Nothing like the way his new friend had accepted his story with calm, his true appearance with a sincere, “Wow, do you ever look cool!” and his request for assistance with consideration.

In four days he’d done more to help George than any of his Sixer friends and, as he liked to think, allies.

It’s their planet, they can help pay for defence, he thought, and it was under that operating principle that he first started co-opting humans.

That friend was gone, and now, as if humans would continue to mindlessly and mechanically make offerings to him, it was Jesse, Jesse with his sly, self-deprecating humour, his almost unquestioning acceptance of the consequences of his friendship with George, his delicious-smelling sister, (and sooner or later he’d have to make his confession about that), and his thoughtful attitude toward work, and kindness, and complete and utter laziness when he wasn’t working, or working out, which made him seem more like a Sixer than virtually any human he knew, it was Jesse who sat in front of him, a man fondly smiling at a hurricane for being so awesome.

“I hope,” George said sadly, “That you will bring a somewhat more serious frame of mind to the ceremony.”

“You haven’t told me what I’m s’posed to do yet,” Jesse said, scratching himself in a way he wouldn’t have done with more people present.

“Refrain from scratching your ass, for starters,” George said.

“I can behave myself in public,” Jesse protested, “And this won’t be public.”

“Fine. We’re going to gather together, say why we’re helping each other, pledge to keep doing it, and then go eat,” George said.

“With effects storyboarded by Michael Bay,” Jesse said.

“Who’s Michael Bay?” George asked, to annoy Jesse. Then, cutting him some slack, he said, “He’d be taking notes from us if he was attending.”

“So in the middle, explosions?”

“I asked Kima to go easy on replicating the surface of the sun. It’s amazing how much light she can make when she’s linked to Michel.”

“The sun?”

“There’s a brief bit where the attendees cruise around the solar system and fall into the sun,” George said.

“Show me, don’t tell me,” Jesse said, annoyed.

“You’ll see,” George said placidly. Jesse’s knuckles itched.

81 No dress rehearsal, this is our life

“Are you practicing for the cameras on O-day?” Jesse said. “Something about you doesn’t feel right.”

George was gloomy. “You haven’t asked what Kima sees in me. I don’t know why Kima’s chosen me.  It’s as if she’s compelled to, even though it was against her best interest.”

That’s weird. “Was. As in used to be?”

“It was tempestuous. We’d spend time together and then she’d, as you put it, bugger off.”

“Is that a gendered slur?”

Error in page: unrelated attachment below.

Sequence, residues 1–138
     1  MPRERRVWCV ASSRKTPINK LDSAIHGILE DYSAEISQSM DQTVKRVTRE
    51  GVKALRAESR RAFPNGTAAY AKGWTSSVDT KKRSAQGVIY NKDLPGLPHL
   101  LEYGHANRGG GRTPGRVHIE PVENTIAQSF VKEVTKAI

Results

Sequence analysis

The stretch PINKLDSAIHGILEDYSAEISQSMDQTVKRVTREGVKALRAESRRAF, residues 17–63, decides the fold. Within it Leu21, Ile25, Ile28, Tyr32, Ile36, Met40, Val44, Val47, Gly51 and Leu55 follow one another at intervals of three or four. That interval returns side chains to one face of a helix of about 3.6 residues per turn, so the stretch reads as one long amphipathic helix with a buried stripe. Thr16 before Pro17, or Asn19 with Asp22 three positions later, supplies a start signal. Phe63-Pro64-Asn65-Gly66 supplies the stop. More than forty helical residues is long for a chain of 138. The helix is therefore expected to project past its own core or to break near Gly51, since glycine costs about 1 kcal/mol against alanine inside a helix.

George delivered his opinion with his usual urbanity. “I can’t tell; human rules about sexual activity in and around the anus appear to me an immense pile of self-contradictory dogma, with the Don’t Do It Party ahead in the polls over the Gosh It’s Nice Done Right Federation.  My views may of course have been affected by watching humans enjoy it on video.”

The beer spoke. “I can die happy now, I’ve discussed porn with an alien. Although I suppose I should say something to make it a conversation. Did you enjoy it?” Jesse said, giggling.

The tone became quelling.  “It was research, damn you! I don’t want you to die, happy or not; I’d prefer you hung around for the thrilling dénouement. Of course, you know you’re as free as you can make yourself,” George said. Jesse shook his finger at him. These days George was always checking if Jesse was in the LARP voluntarily.

George took up the thread, narrating his fruitless love life. “She quit squirming when she decided she wanted to live in the Salish Sea, and that she would try to have children with me. Then I asked her if she felt like thinking about some of my problems if she had energy to spare and she did, and I benefited.

“I turned that benefit into technology to assist her in learning various subjects.”

Jesse started moving puzzle pieces around in his mind. “Which include wireless engineering, if Avtar’s to be believed.”

“Yes. She did all of this on a cell phone, by the way. She tears through things, when she wants to learn, with a heated concentration. Literally! – she runs hotter, a couple of times I thought she might be dying and burning from the inside out, and poor Michel got a scare once when she put her thinking cap on. Once she said she already knew how to do all of it but she had to be presented with the problems to understand that she could solve them.”

“That’s creepy.”